It is a great honor to serve as Guest Editors for these issues of Translational Lung Cancer Research devoted to lung cancer. In 1949, in Cancer, Karnofsky published the first study on the treatment of lung cancer with nitrogen mustard. Response rates were observed in plain chest X-rays, and the improvement of symptoms was scored from + to +++. After more than 60 years, lung cancer remains an incurable disease, with a five-year survival of around 4% in metastatic disease. The importance of customized chemotherapy is based on the abundant knowledge of DNA repair and the multiple components that influence the complex DNA repair machinery. In addition, importantly, the cornucopia of driver mutations discovered in the last ten years has allowed the development of specific treatments. Along with these discoveries, new mechanisms of resistance, including the release of negative feedback mechanisms and crosstalk among different signaling pathways, has led to new hurdles and new therapeutic strategies based on synthetic lethality.
The primary focus of these issues is the well-known driver mutations in lung adenocarcinomas, not only EGFR and EML4-ALK but also the more recently identified ROS1 and RET, which represent challenges for diagnosis and specific treatments. KRAS mutations still constitute a major challenge in this area. Other druggable mutations, such as HER2 and BRAF, are also explained, as well as the new promise of FGFR1 in squamous cell carcinoma of the lung, which provides hope for specific treatment with FGFR1 inhibitors. Methodologies for developing drugs for the numerous newly revealed driver mutations are also discussed in these issues. Optimal targeted approaches are also necessary to improve the outcome of small-cell lung cancer. Recently discovered gene signatures can identify patients with a high risk of relapse after resection and can help guide adjuvant chemotherapy. Novel technologies, whole-genome-sequencing approaches and the role of circulating tumor cells are also defined in these issues, as well as the new mechanisms of resistance that can be identified through early re-biopsy programs. The state of radiotherapy and the management of elderly patients are also described. With these two issues, we aim to provide practical information epitomizing the rapid progress in the field of lung cancer today and instilling in physicians the confidence derived from this knowledge when dealing with patients. We would like to express our gratitude to all the leading investigators who have contributed to this endeavor and to the Editor-in-Chief for giving us this valuable opportunity to contribute to the growing knowledge of lung cancer today.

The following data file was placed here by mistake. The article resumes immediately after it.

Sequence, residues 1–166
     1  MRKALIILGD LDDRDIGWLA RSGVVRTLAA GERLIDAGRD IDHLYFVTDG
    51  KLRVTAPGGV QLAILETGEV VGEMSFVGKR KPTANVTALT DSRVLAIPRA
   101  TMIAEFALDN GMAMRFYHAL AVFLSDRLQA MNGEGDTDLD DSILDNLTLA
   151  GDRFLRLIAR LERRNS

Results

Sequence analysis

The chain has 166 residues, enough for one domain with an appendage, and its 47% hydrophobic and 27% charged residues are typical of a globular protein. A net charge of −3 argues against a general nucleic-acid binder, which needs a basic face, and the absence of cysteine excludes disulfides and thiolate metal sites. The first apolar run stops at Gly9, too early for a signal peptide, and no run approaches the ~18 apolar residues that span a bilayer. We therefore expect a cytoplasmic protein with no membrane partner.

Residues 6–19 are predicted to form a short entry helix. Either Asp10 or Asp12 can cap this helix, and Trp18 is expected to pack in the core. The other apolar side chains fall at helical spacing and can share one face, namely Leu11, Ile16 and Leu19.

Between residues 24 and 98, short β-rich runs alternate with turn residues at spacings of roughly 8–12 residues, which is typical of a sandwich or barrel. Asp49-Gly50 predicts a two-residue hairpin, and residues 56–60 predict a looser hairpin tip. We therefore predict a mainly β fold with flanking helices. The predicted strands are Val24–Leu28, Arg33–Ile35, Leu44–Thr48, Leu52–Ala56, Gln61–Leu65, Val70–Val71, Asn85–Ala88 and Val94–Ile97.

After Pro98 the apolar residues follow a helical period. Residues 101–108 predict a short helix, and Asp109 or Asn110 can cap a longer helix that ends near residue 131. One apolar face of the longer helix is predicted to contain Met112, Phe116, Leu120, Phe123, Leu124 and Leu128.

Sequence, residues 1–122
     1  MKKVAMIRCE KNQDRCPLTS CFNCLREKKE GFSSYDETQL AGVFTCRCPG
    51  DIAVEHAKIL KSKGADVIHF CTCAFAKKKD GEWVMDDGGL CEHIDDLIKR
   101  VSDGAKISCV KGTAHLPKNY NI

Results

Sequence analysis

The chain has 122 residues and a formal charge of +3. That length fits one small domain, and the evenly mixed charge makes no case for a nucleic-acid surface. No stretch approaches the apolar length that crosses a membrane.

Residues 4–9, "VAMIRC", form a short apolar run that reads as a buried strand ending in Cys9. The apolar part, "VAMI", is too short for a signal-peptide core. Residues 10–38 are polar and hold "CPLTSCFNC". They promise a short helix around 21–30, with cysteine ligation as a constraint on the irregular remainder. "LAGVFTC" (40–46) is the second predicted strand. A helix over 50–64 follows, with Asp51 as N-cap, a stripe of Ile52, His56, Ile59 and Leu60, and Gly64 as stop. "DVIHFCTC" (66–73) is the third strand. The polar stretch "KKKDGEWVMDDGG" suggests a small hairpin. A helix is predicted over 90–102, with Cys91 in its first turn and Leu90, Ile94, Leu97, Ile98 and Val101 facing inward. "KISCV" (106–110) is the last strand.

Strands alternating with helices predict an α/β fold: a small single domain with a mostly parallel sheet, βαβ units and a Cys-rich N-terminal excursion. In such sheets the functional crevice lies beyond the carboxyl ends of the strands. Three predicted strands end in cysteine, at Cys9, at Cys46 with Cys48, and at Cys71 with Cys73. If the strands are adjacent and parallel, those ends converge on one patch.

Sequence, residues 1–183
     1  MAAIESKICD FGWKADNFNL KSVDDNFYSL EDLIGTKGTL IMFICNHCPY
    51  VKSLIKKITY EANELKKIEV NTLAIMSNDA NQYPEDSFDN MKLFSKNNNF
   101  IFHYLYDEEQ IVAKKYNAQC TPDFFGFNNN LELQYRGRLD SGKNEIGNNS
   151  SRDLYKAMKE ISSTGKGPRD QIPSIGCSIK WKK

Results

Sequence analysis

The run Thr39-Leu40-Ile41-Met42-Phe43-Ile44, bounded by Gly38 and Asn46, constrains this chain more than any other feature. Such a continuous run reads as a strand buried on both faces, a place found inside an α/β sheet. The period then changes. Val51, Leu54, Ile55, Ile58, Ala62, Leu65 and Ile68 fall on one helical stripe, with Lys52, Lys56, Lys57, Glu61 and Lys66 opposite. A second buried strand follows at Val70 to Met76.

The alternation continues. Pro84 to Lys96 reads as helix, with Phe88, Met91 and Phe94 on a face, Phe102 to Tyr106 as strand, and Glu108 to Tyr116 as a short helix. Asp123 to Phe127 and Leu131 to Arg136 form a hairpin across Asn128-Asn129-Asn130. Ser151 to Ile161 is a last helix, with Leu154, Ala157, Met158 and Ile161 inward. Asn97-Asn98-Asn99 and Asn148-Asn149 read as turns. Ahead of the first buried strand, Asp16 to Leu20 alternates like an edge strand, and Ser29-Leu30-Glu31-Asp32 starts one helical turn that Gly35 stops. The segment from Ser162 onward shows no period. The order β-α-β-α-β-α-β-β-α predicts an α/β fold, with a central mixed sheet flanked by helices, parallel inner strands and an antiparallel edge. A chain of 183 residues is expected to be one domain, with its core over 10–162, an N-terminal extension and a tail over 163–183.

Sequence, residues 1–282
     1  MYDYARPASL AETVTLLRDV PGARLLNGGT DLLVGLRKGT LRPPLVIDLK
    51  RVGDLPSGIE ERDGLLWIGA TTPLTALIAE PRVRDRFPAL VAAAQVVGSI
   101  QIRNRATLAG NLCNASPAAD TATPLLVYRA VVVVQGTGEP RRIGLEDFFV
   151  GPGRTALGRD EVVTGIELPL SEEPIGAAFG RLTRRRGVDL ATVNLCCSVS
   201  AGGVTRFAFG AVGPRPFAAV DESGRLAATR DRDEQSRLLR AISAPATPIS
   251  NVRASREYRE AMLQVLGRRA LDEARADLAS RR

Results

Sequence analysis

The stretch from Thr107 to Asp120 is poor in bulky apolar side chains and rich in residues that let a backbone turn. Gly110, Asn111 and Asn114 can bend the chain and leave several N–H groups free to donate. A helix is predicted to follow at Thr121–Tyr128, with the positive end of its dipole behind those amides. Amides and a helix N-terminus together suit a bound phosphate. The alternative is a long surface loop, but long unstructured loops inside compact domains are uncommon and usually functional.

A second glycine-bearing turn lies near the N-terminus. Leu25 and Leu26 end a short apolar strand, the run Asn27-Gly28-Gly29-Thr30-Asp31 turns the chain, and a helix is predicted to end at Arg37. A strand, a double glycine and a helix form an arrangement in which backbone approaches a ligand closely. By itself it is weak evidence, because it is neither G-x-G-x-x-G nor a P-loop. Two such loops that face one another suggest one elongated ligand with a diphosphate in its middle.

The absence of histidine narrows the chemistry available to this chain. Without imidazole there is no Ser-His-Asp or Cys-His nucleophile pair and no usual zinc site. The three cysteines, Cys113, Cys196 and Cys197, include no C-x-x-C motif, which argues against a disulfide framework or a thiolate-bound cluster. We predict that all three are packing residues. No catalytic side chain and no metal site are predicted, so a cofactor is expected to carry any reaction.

Disclosure: The authors declare no conflict of interest.